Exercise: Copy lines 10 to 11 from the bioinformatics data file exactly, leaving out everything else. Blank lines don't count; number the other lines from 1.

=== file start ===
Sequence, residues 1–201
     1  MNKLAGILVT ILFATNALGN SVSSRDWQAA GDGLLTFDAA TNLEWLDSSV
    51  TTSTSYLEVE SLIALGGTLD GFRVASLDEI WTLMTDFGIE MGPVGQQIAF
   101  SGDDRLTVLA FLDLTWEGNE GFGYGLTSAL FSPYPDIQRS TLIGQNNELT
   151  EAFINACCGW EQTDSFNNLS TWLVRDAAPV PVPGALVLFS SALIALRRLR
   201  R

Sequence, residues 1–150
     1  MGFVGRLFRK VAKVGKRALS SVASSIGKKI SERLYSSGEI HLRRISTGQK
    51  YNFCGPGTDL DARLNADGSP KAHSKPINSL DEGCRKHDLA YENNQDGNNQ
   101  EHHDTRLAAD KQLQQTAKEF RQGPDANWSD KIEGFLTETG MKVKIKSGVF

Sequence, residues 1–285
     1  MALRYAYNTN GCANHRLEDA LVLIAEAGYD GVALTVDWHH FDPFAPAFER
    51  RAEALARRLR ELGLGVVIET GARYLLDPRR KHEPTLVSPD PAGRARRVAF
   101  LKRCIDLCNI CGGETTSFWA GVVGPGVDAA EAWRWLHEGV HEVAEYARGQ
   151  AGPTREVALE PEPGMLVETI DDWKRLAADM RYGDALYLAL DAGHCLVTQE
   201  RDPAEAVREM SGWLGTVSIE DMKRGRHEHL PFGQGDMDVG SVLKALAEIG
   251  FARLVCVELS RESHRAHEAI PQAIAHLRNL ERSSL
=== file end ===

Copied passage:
   101  EHHDTRLAAD KQLQQTAKEF RQGPDANWSD KIEGFLTETG MKVKIKSGVF

Sequence, residues 1–285